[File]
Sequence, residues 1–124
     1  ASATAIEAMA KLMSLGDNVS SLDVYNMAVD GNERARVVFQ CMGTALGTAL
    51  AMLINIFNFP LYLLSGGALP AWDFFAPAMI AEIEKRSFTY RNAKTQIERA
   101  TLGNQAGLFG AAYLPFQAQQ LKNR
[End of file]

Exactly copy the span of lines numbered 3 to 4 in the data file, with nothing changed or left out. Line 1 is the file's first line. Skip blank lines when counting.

    51  AMLINIFNFP LYLLSGGALP AWDFFAPAMI AEIEKRSFTY RNAKTQIERA
   101  TLGNQAGLFG AAYLPFQAQQ LKNR